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If He Did Nothing Wrong ...

If He Did Nothing Wrong …

By Dennis Loo (9/5/18)

Trump and his supporters say “your president has done nothing wrong” and Giuliani signals that Mueller’s report, whenever it becomes available, will be censored in part by the White House. If Trump were innocent, then why does he try at every turn, to stop the inquiry? Why does he try to protect Michael Flynn from the FBI? Why does he try to make the FBI his (open) play thing? Why does he threaten to fire Sessions, Rothstein, Mueller, and actually fire Comey as well as many others who have left or been fired? Doesn’t Trump want to clear his name of any suspicion by letting any inquiry go on to unearth the truth? Doesn’t he want any doubts about Russian influence through cyberwarfare and false fronts to be in this nation exposed and rooted out? That is, if he were actually not guilty and there was such a thing as an investigation in order to determine what is true through that process?

I am reminded of an argument that a reader of my book Globalization and the Demolition of Society’s Introduction had with me. In that Introduction, I systematically take apart the godfather of neoliberalism, Frederick Hayek. As part of that critique, I draw out the implications of what Hayek says, and this reader (of just the Introduction since Amazon let him read that much free) objects to my doing that: complaining that Hayek never said this and that. Of course, Hayek doesn’t directly state some of those things because then you’d know how ridiculous he is being, and moreover, one doesn’t always draw out what one is saying and what it leads to in any case. The argument I make is in part a demonstration of inferential reasoning, and this reader regards that as impermissible, as if one can only say things directly and explicitly, as if nuance and connotation don’t exist, as if one can have a fire without any smoke, as if we were to cut off an arm as superfluous of our language, as if you say things and there is never any ambiguity, ever, as though there is denotation, but never any connotation, implying nothing ever.

If that was really true, then there would only be a single definition rather than the multiple meanings for each word. Languages would be flattened out and stale.

I am further reminded of the former GOP spokesman, their first black to hold that post, Michael Steele’s NPR 2009 interview with Steve Inskeep where Inskeep uses the term more “nuanced” to describe Steele’s statement. It becomes apparent after several minutes that Steele sees nuance as an insult rather than as the compliment that Inskeep intended.[i]

The right-wing has been trying for many years to reduce language to very simplistic elements, thus undermining thought itself. I wish that I could say this phenomenon were restricted to the right-wing but that is untrue because I am seeing evidence of this trend across the board. In my students, for example there is a real tendency to ask you to restate what you obviously wrote before, as if people doubt their own eyes, professing that they are “confused.” What are they confused about when the answer to their very question is in their own query?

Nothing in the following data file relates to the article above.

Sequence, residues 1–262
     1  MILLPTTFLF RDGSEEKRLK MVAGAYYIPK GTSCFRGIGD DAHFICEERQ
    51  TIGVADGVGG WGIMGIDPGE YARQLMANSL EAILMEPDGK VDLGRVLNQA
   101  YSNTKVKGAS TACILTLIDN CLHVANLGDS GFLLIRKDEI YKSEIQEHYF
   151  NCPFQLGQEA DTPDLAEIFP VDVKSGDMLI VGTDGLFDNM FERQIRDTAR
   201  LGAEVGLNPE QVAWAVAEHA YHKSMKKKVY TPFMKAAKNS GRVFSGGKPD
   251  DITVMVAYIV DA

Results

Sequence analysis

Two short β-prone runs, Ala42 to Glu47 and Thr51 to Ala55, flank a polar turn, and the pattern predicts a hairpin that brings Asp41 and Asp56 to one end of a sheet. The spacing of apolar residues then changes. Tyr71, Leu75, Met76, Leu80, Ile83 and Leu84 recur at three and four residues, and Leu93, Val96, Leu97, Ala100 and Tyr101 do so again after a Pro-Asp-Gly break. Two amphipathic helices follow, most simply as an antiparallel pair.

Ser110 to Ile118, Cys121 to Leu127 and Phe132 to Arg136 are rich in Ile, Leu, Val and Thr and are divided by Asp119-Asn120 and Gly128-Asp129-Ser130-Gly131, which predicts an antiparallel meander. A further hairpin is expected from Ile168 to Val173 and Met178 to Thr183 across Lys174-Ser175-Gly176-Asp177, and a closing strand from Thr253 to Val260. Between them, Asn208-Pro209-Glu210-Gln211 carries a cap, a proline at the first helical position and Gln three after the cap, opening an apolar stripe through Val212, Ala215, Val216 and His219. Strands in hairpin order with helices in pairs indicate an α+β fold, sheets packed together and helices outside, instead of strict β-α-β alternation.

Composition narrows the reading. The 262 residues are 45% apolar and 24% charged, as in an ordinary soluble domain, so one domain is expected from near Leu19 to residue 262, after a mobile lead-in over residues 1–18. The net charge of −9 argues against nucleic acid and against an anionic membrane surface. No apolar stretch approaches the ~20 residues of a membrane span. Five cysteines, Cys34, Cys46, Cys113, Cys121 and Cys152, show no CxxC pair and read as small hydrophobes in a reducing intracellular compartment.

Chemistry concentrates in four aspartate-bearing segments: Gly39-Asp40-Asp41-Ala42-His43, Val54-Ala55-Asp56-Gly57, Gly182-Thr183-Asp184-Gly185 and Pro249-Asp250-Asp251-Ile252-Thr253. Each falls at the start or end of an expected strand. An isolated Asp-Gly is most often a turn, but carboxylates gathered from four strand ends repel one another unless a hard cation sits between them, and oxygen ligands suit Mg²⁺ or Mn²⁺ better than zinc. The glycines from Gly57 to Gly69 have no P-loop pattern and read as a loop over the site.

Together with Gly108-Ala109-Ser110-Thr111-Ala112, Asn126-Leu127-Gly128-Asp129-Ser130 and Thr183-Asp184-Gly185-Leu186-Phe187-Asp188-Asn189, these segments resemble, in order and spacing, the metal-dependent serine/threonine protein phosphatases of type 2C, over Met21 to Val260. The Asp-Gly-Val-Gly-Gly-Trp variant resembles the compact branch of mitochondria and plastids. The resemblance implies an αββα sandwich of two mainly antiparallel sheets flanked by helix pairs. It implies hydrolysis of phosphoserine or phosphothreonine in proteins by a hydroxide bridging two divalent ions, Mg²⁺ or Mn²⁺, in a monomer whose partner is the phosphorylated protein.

This phenomenon of wanting “someone to hold your hand” and reassure them that what they thought is true after all runs through our society like an epidemic, embracing right-wing and left, in ordinary people who doubt what they see, even with their own eyes.

This should not have to be said: we live much our lives based on inferring things. We have to and there is nothing wrong with that. Those who undermine that give rise to people not even believing what they have read – and that is a very dangerous and backward way of doing things!

How does humanity get to the truth? By relying on authority to tell us how we should think, or from evidence?

It is ironic that the public is now treated as if they all presumed they are, or might do something, wrong and criminal, yet POTUS is above the law.


[i]If you are accustomed to thinking in dichotomous ways – it’s either A or B and it cannot be some hybrid of the two – then these matters will remain puzzling to you. When Michael Steele, for example, was head of the Republican National Committee (the first African-American to fill that role) he was interviewed by NPR’s Steve Inskeep in 2009 about Medicare. Steele was trying to have it both ways regarding Medicare. He wanted to keep it while nonetheless railing against government run programs, despite the fact that Medicare is a government run program. In the course of the interview Inskeep pointed out to Steele that a comment of Steele’s seemed to show a more “nuanced” approach regarding Medicare than previously. Rather than feeling complimented by this, Steele expressed umbrage that Inskeep would call him ‘nuanced’: ‘I’m not trying to be nuanced. I’m not trying to be cute.’ To Steele, ‘being clear meant not being nuanced. To some such as the leadership of the Republican Party, reality is black and white. Or as Bush put it in relation to the war on terror: ‘You’re either with us or you’re with the terrorists.’ This is the kind of reasoning that dovetails with those who think it’s perfectly all right to indefinitely detain suspects in a war that Dick Cheney said will last generations. ‘These men are our enemies,’ they declare, ‘and until they give up their war against us, we can do what we want with them.’”

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